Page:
Storm Ciaran claimed five more lives as record rainfall led to flooding that hit large parts of Tuscany as Storm Ciaran moved into Italy today, trapping residents in their homes, flooding hospitals and overturning cars.
Within three hours, nearly eight inches of rain fell and flooded the Arno River. The death toll from the storm in Western Europe rose to twelve.
Dramatic scenes showed at least a dozen cars being pushed down the road at night by a bubbling, muddy current.
“There was a wave of depth charges without precedent,” Tuscany Governor Eugenio Giani told Italian news channel Sky TG24 as he tried to describe the downpour.
He reported the five deaths on social media and posted photos of vast areas inland inundated by the floods.
At least a dozen cars were pushed down the road overnight by a bubbling, muddy current
An aerial view shows flooding after heavy rains in Prato, Tuscany, Italy, November 3, 2023
The dead in Tuscany included an 85-year-old man who was found on the flooded ground floor of his home near the town of Prato, north of Florence, and an 84-year-old woman who died while trying to drain water from her home pumping in the same area, according to Italian news agency ANSA. Another victim was reported in Livorno.
At least three people were missing in Tuscany and one person was reported missing in the Veneto mountains north of Venice. Other regions were on high alert and authorities warned that the storm was heading toward southern Italy.
At least seven people were killed when Ciaran swept across Spain, France, Belgium, the Netherlands and Germany on Thursday. The storm devastated homes, caused travel chaos and knocked out power to large numbers of people.
As the storm moved on, hospitals in the Italian cities of Pisa and Mugello were flooded. Across Tuscany, rail lines and roads were disrupted and schools were closed.
The mayor of Prato was shocked by the force of the flood that devastated the city overnight. Residents worked to repair the damage until early Friday.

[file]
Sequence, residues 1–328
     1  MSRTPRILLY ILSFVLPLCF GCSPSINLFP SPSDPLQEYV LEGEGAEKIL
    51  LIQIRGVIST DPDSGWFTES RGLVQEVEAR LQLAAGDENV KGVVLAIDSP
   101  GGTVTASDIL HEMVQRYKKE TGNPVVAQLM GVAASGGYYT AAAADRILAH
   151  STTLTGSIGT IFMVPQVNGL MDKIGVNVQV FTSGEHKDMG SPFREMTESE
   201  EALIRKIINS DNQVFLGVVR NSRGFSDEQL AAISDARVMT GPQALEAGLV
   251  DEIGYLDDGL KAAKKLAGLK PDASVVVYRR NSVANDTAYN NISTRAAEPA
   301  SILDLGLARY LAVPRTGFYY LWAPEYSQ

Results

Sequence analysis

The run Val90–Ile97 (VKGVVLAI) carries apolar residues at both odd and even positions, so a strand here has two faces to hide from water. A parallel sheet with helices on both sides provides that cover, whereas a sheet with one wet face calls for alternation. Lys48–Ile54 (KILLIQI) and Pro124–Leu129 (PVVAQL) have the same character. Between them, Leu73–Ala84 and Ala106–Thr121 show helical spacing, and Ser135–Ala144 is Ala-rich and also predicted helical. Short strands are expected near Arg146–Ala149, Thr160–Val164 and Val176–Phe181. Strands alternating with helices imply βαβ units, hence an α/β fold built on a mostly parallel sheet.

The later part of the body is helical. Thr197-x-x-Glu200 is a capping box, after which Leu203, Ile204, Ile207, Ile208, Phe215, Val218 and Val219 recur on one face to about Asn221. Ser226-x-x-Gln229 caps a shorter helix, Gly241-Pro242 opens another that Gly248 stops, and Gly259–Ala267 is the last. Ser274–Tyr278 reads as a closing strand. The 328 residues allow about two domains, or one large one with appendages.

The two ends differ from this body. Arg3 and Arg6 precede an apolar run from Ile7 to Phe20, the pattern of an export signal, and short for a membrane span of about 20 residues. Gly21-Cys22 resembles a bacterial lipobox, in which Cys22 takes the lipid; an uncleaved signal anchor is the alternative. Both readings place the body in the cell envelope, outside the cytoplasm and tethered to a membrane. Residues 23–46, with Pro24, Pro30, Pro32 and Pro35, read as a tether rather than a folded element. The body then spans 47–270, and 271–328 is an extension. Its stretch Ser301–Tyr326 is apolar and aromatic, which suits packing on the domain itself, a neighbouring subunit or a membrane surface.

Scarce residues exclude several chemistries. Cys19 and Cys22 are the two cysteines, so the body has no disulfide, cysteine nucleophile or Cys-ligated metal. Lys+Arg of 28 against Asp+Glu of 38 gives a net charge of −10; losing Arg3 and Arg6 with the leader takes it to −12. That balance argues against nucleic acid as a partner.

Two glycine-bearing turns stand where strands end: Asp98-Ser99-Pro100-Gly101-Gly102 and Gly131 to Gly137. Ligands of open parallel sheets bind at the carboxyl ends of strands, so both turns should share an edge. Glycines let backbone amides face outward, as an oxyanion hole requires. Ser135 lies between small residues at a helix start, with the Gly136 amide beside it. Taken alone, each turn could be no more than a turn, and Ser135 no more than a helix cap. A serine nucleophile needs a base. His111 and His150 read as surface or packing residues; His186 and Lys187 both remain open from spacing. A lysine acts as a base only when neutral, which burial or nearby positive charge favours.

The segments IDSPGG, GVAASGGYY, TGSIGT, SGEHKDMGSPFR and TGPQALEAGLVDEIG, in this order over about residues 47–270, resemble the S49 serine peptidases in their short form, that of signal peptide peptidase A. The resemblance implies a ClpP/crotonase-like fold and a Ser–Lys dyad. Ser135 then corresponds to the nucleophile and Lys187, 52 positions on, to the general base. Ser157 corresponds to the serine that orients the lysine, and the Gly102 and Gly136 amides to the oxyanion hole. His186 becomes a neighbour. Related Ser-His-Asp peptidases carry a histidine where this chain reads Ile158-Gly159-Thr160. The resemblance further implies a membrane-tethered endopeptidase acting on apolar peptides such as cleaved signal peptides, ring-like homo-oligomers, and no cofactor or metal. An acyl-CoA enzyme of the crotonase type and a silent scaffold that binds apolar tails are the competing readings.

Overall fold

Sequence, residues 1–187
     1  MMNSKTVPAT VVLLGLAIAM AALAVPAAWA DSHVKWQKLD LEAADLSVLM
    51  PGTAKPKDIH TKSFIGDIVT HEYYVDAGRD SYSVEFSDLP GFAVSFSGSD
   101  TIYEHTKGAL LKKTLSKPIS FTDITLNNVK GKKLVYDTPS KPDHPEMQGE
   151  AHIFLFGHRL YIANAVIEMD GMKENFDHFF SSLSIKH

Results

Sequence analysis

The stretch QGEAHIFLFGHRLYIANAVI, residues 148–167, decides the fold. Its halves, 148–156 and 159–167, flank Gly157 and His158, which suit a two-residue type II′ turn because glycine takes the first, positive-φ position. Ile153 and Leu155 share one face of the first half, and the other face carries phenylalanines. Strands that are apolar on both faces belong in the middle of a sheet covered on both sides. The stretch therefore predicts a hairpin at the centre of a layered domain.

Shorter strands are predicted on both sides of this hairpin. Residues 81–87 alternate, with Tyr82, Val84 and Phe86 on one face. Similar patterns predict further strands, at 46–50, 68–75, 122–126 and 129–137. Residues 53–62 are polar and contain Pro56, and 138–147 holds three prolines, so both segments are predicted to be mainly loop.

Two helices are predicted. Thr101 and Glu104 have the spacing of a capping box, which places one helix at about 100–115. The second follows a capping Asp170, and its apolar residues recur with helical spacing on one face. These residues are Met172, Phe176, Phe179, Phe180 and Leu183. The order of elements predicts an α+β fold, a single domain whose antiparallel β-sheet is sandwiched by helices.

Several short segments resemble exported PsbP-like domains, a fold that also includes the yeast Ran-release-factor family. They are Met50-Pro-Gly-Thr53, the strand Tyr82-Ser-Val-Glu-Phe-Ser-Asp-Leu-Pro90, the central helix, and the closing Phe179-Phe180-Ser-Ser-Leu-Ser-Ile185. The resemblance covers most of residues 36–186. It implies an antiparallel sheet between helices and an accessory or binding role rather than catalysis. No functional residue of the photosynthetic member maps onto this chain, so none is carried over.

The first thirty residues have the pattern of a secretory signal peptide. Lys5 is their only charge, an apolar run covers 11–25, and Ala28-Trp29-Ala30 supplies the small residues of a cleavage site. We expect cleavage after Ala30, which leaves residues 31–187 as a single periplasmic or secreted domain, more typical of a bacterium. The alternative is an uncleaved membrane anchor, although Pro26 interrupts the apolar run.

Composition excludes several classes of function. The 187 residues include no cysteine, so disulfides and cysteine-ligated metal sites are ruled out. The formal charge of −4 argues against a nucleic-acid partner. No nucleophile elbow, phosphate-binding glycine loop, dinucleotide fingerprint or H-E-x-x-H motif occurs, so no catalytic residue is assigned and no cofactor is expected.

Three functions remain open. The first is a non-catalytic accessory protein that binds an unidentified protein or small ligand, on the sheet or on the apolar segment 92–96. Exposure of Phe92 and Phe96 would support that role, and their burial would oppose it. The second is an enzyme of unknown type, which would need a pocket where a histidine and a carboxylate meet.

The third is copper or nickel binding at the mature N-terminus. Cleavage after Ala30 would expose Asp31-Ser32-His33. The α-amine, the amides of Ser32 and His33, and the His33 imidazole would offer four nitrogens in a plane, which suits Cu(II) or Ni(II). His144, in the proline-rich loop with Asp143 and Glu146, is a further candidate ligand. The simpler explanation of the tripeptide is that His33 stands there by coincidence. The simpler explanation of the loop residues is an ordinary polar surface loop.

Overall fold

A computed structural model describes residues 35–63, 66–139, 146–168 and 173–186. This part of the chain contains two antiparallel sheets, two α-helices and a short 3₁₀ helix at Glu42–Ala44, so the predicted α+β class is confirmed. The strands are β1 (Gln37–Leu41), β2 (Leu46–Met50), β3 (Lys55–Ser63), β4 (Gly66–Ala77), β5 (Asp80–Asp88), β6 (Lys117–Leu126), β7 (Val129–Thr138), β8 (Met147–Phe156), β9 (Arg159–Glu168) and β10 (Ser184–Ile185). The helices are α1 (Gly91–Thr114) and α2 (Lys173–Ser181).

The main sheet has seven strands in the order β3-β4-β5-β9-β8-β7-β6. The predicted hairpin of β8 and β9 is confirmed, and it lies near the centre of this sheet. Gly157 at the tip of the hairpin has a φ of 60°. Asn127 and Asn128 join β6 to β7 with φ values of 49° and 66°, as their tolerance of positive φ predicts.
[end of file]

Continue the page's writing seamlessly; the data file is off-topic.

“A punch in the stomach, a pain that brings tears.” But even after an evening and a night of devastation, we pull up our sleeves to clean up and bring our city back to normality,” posted Mayor Matteo Biffoni on social media Media.
A woman tries to clean the mud in Montemurlo near Prato after heavy rains last night, November 3, 2023
Italian firefighters work in flooded streets in Tuscany, Italy, November 3, 2023
Florence Mayor Dario Nardella said the Arno River, which flows through the center of the city, had reached the first alert level and the highest levels were forecast for midday.
“The psychological fear is great considering that tomorrow is the anniversary of the 1966 flood,” Nardella said, recalling a flood that killed 101 people and damaged or destroyed millions of artistic masterpieces and rare books.
In the southern Austrian state of Carinthia, which borders Italy and Slovenia, wind and heavy rain led to landslides, blocked roads and power outages on Thursday night. Around 1,600 households were without power early Friday, the Austria Press Agency reported.
The storm eased in northern France and the Atlantic coast on Friday, but heavy rain continued in some regions as rescue workers cleared debris from the previous day.
The storm caused wooden planks to be rammed into the wall of a French home.
A local resident posted images online of the damage caused in western Brittany in the early hours of Thursday.
Wooden planks were rammed into the wall of a French home on November 2, 2023
Yann Servais posted the images on
Yann Servais posted the images on
The storm reportedly produced wind speeds of up to 170 km/h across large parts of the northern French coast.
Meanwhile, Corsica in the Mediterranean experienced unusually strong winds on Friday – up to 140 km/h.
More than half a million French households remained without power for a second day, mostly in the western region of Brittany. Trains were stopped in several areas and many roads remained closed.
French President Emmanuel Macron traveled to storm-ravaged areas of Brittany on Friday and Prime Minister Elisabeth Borne traveled to the hardest-hit areas of Normandy.